The FOR Act’s main sponsor is Rep. Don Beyer, of Virginia’s 8th District, where a molotov cocktail attack took place late last year on the Dar Al-Hijrah mosque as Trump revved up his anti-Muslim rhetoric. The incident prompted Beyer to condemn Islamophobia. His constituents were under attack and that’s his job. But he said he also felt that the bill helps show the world that the United States is a welcoming country.
Getting lawmakers to care about Muslim issues is difficult, since Muslims are unevenly spread out across the country. I asked Beyer what he’d tell his colleagues in congress who don’t believe they have Muslims in their districts.
“I’d ask them to look more closely. In fact, that’s a really good idea you had. This morning I got a list of all the defective bridges in my district. I get a list of commute times in my district. We should get a list of the Muslims per Congressional District” Beyer offered.
Just for the record, that wasn’t my idea. Beyer meant well, but, from what I understand, a government-held ‘list of the Muslims’ is exactly what civil liberties groups want to avoid.
Beyer added that there’s a practical reason for politicians to want to know these figures.
“But because so many of them [Muslims] are new Americans, they are good voters. They don’t take it for granted, it’s special,’’ he said.
On the other hand, politicians could just assume that there are Muslims in their districts, even if there isn’t a PowerPoint showing why it’ll help them win an election.
So far, the FOR Act is mostly a one party affair. In a sign of the deepening partisanship over civil rights policy, the bill only has one Republican co-sponsor, New York Rep. Richard Hanna, who represents Prius owners in Binghamton and also known leftists at the State University of New York campus there. He signed on late Tuesday night, Beyer’s office said.
Hanna wasn’t there Wednesday in the Congressional Auditorium at the Capitol Visitors Center, where sponsors and supporters gathered in front reporters to announce the bill. There were about a dozen reporters and photographers. It was springtime for Washington outside; chilly, rainy, gray and somehow still humid.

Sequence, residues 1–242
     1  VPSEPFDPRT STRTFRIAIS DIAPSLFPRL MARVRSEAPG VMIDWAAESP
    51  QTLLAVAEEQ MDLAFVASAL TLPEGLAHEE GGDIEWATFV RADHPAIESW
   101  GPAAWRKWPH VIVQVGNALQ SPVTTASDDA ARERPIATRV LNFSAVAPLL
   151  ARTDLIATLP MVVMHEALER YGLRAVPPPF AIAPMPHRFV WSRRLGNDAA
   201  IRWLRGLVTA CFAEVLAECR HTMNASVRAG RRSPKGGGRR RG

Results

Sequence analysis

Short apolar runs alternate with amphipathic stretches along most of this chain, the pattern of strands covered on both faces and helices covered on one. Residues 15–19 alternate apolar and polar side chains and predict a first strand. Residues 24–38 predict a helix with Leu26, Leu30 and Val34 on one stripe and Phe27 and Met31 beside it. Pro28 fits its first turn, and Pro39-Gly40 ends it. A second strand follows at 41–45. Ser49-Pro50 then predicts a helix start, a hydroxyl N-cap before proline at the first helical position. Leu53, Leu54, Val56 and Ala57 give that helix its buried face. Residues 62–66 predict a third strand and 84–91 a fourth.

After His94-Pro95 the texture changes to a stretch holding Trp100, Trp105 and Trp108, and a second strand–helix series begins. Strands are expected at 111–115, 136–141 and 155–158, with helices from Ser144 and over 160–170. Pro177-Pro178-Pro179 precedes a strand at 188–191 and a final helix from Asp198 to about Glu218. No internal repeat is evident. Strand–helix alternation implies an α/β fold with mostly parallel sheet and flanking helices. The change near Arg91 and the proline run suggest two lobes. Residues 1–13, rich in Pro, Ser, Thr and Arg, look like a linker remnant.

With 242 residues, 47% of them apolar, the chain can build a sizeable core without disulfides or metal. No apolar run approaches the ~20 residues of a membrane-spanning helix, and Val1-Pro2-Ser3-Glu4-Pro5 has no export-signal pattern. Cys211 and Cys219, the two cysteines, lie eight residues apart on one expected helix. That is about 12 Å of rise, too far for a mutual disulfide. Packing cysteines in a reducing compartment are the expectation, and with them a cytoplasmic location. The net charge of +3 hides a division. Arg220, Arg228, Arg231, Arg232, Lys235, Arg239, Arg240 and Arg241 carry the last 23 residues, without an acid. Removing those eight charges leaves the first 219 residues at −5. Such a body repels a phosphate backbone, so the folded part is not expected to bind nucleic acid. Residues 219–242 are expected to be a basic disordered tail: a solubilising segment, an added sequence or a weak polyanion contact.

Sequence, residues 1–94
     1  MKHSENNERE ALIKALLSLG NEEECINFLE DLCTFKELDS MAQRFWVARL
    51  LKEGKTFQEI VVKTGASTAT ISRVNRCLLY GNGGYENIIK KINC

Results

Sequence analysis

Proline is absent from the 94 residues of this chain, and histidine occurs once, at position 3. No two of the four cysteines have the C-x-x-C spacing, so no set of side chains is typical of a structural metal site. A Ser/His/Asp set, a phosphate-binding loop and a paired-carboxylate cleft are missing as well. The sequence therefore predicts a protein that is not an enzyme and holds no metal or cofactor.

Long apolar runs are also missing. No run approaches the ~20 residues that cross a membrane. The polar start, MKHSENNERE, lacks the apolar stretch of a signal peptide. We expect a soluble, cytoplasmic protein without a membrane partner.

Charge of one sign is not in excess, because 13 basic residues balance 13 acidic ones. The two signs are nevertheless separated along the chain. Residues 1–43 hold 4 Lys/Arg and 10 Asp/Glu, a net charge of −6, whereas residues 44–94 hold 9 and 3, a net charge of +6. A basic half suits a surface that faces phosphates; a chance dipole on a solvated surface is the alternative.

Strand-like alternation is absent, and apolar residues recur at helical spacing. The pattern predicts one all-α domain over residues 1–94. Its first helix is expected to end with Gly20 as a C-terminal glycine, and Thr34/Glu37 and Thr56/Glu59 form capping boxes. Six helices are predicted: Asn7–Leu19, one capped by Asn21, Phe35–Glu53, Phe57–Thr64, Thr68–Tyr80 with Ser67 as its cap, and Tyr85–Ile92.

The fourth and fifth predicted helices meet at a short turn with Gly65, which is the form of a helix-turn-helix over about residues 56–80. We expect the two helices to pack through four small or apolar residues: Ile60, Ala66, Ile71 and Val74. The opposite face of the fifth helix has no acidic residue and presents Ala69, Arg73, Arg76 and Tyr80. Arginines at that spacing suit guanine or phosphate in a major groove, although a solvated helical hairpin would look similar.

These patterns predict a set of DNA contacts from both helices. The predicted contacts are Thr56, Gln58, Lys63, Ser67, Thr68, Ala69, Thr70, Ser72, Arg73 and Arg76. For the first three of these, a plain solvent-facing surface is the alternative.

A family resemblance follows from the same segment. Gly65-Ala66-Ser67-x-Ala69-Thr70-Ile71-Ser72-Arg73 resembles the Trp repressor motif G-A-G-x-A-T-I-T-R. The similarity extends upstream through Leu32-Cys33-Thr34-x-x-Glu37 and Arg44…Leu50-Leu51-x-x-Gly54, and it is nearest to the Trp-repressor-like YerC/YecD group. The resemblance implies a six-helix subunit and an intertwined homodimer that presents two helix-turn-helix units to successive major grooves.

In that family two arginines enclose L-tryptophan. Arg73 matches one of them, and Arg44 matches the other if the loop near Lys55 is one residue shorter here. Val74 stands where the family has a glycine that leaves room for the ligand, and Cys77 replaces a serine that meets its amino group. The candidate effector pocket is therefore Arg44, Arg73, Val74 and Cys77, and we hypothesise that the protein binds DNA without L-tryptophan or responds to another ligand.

Cynicism aside, Beyer seemed sincere in his sponsorship of the bill. It was honestly heartwarming to see such a range of Americans represented on that stage on Wednesday. All three major Abrahamic religions were represented on stage for the announcement. Imams and rabbis and lobbyists were just hanging out, talking political shop.
Rabbi Jason Kimelman Block, head of Bend The Arc, a progressive Jewish social justice lobby, read from George Washington’s 1790 letter to Jews of Newport Rhode Island, assuring them that religious liberty applied to Jews, too.
“For happily, the United States gives to bigotry no sanction to persecution no assistance,’’’ Kimelman-Block read from George Washington’s letter.
He added that Islam had been with the United States since Europeans brought Africans by force to the United State as slaves. Ten percent of them were Muslims, historians estimate, he said.
‘’Islam is not something new to America. It is who we are as a people in the United States. When muslims are singled out, are targeted and attacked, it is an attack on Jews, it is an attack on Mormons, it is an attack on Atheists it is an attack on Catholics, it is an attack on all Americans it is indeed an attack on the American idea itself.